Balcony of the House of Abbúd outside of the room of Bahá'u'lláh, 1952. Bahá'í Media Bank.

This picture of spice merchants from Baghdád in 'Akká circa 1901 is taken about twenty years after this period, but the merchant tents and the people milling in the background give an idea of the type of people 'Abdu'l-Bahá would have interacted with every day. Photograph by American Stereoscopic Company. Library of Congress.

The main reason that 'Abdu'l-Bahá does not leave 'Akká for Mazra'ih or Bahjí with Bahá'u'lláh is that He chooses to continue shouldering a staggering burden of cares and responsibilities in order to relieve Bahá'u'lláh from having to deal with daily, mundane and time-consuming affairs. It is important to keep in mind when reading this account, that the people, religious leaders and government officials 'Abdu'l-Bahá ministers to, counsels, assists, consults with and helps, are not confined to 'Akká, but also include neighboring towns and sometimes neighboring regions. One last thing to keep in mind is that 'Abdu'l-Bahá had the saintly capacity to devote as much care, attention and time to all these facets of His service simultaneously, whether helping a government official avert a crisis or attending to the needs of an orphan.

'Abdu'l-Bahá, during this time has several main responsibilities. 'Abdu'l-Bahá leads and guides the growing Bahá'í community of 'Akká, counseling individual Bahá'ís in their personal and community affairs. 'Abdu'l-Bahá is also intensely involved with the growing influx of pilgrims. At that time, Bahá'í pilgrimage is a living pilgrimage, the believers come to attain the presence of Bahá'u'lláh, and this has touching implications. 'Abdu'l-Bahá is a constant guide in the pilgrim's journey to attain the highest honor of their life. The Master ensures each pilgrim feels comfortable in the Pilgrim House, the Khán-i-Avámid or elsewhere. He continually surrounds them with His all-encompassing love and counsels them in their various affairs. The Master accompanies them in their spiritual preparation for the moment when they are at last ushered into the presence of Bahá'u'lláh. 'Abdu'l-Bahá is so meticulous that, at times, He even inspects their clothes. When they are unsuitable or worn out, 'Abdu'l-Bahá arranges for new outfits, suitable for entering the presence of Bahá'u'lláh.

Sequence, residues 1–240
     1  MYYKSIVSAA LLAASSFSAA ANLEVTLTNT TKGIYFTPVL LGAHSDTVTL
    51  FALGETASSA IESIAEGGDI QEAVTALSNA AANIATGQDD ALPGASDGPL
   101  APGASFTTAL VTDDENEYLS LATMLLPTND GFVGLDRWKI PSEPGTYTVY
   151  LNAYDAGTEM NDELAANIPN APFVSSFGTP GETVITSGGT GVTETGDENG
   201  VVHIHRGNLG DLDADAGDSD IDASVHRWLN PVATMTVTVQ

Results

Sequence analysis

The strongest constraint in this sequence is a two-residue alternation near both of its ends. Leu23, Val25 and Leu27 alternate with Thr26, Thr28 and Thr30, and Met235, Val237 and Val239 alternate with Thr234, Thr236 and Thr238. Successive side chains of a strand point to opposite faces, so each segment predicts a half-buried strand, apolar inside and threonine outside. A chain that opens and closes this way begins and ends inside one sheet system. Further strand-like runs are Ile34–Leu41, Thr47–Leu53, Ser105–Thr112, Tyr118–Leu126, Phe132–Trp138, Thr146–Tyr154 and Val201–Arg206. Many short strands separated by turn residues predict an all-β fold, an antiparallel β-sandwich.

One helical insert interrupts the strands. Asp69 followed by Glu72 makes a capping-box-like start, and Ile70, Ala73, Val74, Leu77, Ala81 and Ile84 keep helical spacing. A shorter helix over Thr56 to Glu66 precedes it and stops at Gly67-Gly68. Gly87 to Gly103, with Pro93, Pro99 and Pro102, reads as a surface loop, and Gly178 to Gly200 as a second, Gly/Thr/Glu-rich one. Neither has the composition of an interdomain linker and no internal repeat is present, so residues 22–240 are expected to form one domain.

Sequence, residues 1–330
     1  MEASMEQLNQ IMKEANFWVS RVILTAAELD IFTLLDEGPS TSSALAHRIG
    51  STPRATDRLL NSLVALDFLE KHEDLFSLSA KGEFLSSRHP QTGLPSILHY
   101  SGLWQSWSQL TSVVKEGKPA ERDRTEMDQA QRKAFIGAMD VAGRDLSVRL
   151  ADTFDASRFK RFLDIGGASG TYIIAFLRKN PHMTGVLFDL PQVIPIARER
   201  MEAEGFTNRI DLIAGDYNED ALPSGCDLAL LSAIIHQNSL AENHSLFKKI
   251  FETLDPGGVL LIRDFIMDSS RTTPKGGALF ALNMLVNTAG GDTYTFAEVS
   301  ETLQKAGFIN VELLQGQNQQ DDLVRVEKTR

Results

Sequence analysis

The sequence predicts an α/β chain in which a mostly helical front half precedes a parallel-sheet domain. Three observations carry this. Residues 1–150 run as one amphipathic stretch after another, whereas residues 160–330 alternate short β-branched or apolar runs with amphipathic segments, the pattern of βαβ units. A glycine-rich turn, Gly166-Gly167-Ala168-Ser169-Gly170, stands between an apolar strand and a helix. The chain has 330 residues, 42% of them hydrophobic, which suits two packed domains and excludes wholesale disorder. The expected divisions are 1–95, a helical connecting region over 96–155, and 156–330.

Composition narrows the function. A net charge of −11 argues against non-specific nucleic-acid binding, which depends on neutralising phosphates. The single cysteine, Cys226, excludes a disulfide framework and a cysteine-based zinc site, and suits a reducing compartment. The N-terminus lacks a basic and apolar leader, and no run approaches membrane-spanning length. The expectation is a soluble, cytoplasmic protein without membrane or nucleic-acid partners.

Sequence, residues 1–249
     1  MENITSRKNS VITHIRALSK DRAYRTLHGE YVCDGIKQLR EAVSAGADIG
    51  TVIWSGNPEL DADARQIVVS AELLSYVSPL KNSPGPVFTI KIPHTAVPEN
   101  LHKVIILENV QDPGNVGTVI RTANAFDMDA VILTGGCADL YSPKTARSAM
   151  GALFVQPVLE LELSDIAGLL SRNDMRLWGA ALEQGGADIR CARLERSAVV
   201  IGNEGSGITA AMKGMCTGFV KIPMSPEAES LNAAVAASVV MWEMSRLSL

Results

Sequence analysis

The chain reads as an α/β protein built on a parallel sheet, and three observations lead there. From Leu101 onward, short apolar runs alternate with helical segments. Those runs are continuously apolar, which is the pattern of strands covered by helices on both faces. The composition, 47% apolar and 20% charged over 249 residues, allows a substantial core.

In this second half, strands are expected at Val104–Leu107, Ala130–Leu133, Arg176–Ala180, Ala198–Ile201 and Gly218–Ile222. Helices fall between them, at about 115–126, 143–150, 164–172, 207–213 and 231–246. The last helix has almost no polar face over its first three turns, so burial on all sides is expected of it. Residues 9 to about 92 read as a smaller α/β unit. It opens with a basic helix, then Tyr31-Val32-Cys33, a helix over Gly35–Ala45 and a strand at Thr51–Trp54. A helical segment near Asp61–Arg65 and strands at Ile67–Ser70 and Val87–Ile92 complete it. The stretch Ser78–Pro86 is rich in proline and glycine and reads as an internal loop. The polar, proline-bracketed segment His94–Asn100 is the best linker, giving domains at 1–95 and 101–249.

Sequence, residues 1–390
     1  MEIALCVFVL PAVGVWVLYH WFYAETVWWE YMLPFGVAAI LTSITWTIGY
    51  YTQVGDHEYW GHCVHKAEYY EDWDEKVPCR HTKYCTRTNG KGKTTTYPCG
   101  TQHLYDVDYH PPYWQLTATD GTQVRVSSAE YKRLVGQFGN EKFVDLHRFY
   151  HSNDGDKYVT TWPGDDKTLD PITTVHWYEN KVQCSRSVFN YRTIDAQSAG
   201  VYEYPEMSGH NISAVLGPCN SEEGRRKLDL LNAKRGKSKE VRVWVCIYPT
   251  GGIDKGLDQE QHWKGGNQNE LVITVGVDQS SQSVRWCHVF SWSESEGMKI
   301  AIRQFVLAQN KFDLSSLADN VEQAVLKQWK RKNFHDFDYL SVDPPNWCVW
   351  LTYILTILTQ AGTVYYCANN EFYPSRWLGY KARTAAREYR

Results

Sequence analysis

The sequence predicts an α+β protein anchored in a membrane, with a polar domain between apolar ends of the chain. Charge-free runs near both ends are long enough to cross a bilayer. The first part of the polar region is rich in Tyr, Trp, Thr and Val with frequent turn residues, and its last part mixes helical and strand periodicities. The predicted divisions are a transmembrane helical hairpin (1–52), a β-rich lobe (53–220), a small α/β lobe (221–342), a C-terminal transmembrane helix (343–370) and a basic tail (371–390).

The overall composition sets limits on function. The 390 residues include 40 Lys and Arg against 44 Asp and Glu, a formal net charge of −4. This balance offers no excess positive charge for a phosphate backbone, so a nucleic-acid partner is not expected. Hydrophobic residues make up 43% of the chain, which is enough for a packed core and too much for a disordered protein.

Eminent Bahá'ís at the time of Bahá'u'lláh (Details below). Source: Worldwide Community of Baha'u'llah.

Standing from left to right: Ḥájí Mírzá Ḥaydar-‘Alí, Jamál Effendí, Mírzá Abu'l-Qásim-i-Iṣfahání, Mishkín-Qalam, Muḥammad-Riḍáy-i-Shírází Qannad, Mírzá Jaʻfar.

Seated from left to right: Mírzá Maḥmúd-i-Káshání, Mírzá Abu'r-Raʼúf, Mírzá Muḥṣin Afnán, Mírzá Hádí Afnán (the father of Shoghi Effendi), and Zaynu'l-Muqarrabín.

'Abdu'l-Bahá also meets officials, notables and townsmen in his efforts to protect and defend the interests of the Bahá'í community. Governors and officials of 'Akká increasingly seek 'Abdu'l-Bahá's profoundly wise counsel on important work-related matters, and 'Abdu'l-Bahá often meets with government officials, religious dignitaries, merchants and learned men. The Muftís of 'Akká, learned scholars and religious leaders, frequently meet with 'Abdu'l-Bahá, sometimes sitting at His feet and seek His knowledge and wisdom;

This photograph of the Mufti, the Governor and other high Ottoman officials of Jerusalem, Palestine circa 1900 probably closely resemble, in their dress and bearing, the authorities 'Abdu'l-Bahá would have met with in 'Akká. J.F. Jarvis, publishers. Library of Congress.